11 Dec, 2018

Efficiency Improves Performance


Carl Lewis, Michael Johnson, Usain Bolt and Eluid Kipchoge… four of the world’s greatest athletes, each with an identifying characteristic that makes them stand out from the crowd. Of course, these are not the only athletes that will align with the message of this article, but they are amongst the most successful in their events. - By Norrie Williamson

Lewis, who won nine Olympic and eight World Championship gold medals, was dominant in the 100m, 200m, long jump and 4x100m relay events from 1979 to 1996. Any follower of the sport would easily recognise his running style with straight, out-stretched hands working like knives. He was followed by Johnson, whose stiff upright running posture, and short staccato steps with high cadence defied the conventional wisdom that favoured long, high-knee strides. Johnson proved his point, however, with four Olympic and eight World Championship golds, and in 1996 he became the only athlete to win gold in both the 200m and 400m at an Olympics. His style was all about short, fast, swift ‘drives’ backward to push the body forward.

Without question the most impactful track athlete of recent times has been Bolt, with eight Olympic and 11 World Championship gold medals. Once again, his style was distinct, with his 6 foot 5 inch frame honed to move in the most efficient fashion. Slow motion footage of the Jamaican in full flight shows him almost floating above the ground, with his legs out-stretched and ‘cycling’ between a spike powered pull from ahead to a longer drive behind, and feet seeming to just touch the ground to maintain momentum. Bolt was said to have had scoliosis of the spine in his early years, but worked on that to reduce the imbalances, and his more symmetrical style led to faster times.

But these are all short distance events, where hundredths, if not thousandths of a second can split gold from silver, and years are spent honing style. Meanwhile, the myth still exists that changing style is either a mistake, or unachievable, for distance runners. The reality is that in the early years of running, taking minutes off the world record distances was relatively easy, which meant improvements could be achieved through physiological improvement.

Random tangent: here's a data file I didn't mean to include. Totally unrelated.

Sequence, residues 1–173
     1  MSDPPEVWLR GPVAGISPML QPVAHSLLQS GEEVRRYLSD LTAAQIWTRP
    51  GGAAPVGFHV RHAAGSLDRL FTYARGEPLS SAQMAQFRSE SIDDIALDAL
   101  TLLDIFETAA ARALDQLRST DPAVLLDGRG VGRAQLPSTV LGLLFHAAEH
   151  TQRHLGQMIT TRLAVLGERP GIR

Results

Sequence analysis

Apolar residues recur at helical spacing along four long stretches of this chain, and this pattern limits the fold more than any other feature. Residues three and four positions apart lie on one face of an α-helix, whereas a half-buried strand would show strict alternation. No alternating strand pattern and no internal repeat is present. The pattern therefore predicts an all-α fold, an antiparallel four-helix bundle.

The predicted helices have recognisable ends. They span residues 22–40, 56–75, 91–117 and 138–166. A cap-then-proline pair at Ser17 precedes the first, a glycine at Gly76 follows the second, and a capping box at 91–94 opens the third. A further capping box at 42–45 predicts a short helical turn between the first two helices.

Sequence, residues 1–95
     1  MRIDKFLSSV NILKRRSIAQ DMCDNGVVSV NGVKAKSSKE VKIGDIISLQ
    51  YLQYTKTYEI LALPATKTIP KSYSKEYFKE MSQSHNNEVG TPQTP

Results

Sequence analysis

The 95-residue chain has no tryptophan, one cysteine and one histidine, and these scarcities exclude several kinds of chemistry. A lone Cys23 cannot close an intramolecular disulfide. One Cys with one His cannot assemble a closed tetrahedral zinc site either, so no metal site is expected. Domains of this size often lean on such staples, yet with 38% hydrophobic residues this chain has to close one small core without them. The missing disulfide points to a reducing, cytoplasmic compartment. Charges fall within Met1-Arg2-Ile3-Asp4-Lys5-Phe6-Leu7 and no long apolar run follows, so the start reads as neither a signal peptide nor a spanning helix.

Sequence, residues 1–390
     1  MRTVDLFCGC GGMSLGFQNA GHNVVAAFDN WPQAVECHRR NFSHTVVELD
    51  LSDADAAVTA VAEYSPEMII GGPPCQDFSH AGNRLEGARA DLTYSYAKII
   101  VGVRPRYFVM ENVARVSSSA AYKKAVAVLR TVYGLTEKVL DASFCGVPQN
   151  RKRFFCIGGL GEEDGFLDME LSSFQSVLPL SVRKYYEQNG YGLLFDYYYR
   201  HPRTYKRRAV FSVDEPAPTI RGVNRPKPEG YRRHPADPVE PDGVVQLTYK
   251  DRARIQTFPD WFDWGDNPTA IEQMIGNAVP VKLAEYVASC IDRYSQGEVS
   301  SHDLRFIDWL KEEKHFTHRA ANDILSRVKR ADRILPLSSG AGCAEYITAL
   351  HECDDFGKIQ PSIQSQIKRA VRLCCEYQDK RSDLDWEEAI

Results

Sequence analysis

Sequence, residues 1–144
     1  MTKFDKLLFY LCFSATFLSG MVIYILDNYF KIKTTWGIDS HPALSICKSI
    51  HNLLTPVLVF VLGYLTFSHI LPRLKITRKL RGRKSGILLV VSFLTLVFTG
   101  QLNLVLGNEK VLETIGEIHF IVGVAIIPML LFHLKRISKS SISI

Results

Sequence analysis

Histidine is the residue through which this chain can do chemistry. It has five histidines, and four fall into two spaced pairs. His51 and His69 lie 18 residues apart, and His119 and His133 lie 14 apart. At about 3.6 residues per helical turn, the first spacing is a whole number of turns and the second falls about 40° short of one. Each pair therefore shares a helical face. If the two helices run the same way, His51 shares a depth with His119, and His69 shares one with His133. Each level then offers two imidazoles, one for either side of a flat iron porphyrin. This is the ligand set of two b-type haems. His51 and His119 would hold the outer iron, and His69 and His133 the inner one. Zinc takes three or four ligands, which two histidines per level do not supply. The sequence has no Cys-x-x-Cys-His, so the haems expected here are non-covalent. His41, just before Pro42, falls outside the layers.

Thus the marathon World Record dropped by 10 minutes in the decade from 1950 to 1960. However, it dropped just 28 seconds between 1970 and 1980, and despite it being a highly competitive and financially rewarding era, only two minutes were shaved off the record in the 11 years from 2003 to 2014. Then last month Kipchoge slashed 78 seconds from the record in Berlin, taking it down to 2:01:39.

The point is that in distance running there are diminishing returns from physiological training, whereas the two greatest areas of potential are belief/psychology and efficiency. When Kipchoge ran 2:00:23 in the contrived environment of the Nike Sub-2 Project in Italy, he proved to himself that his body could handle going under two hours. It is simply about getting the correct conditions on the correct day. But it also highlighted the importance of efficiency of style, and if you do an internet search of historical footage of Kipchoge, you will see the evolution of a running style that has been honed to a close-arm action, forefoot striking and backward driving cycle that now maintains good body position throughout a two-hour 42km effort.

Thus a slow motion view of his style in Berlin shares the same principles of Bolt’s running, except there is little forward strike. The foot touches the ground just slightly ahead of the centre of gravity and the high knee, then drives back to propel the body forward. The high ‘bum-kicking’ fold of the leg makes for a short lever, which can then turn over at a high cadence to allow for the next propulsive stride. The arms drive behind but are kept close, fast and aligned to shoulder and chest (perhaps the most obvious progression of his style) to minimise any over-striding. Finally, the position is all held together by the strength of core and enhanced by the shoe design which promotes a forward lean and rearward drive.

Efficiency is now a massively decisive factor in long distance running, just as it was in the progression of sprint distances, and middle distances. Put into perspective, Kipchoge’s marathon improvement equates to a two-second improvement over 1500m, or eight seconds over 5000m, where fine-tuning efficiency has been proven to pay dividends. The take-home message here is that improvement is achievable by every runner, but it’s not going to be honed by simply stacking up the distance in training. Improvement will be through efficiency, first by dropping distance and then reducing imbalances, building core strength and developing a more efficient style with improvements in proprioception, cadence and greater ground contact force per stride.

About the Author
Norrie has represented Scotland, Great Britain and South Africa in ultra-distance running and triathlon, and he is an IAAF-accredited coach and course measurer. You can read more from him at

IMAGE: Courtesy Berlin Marathon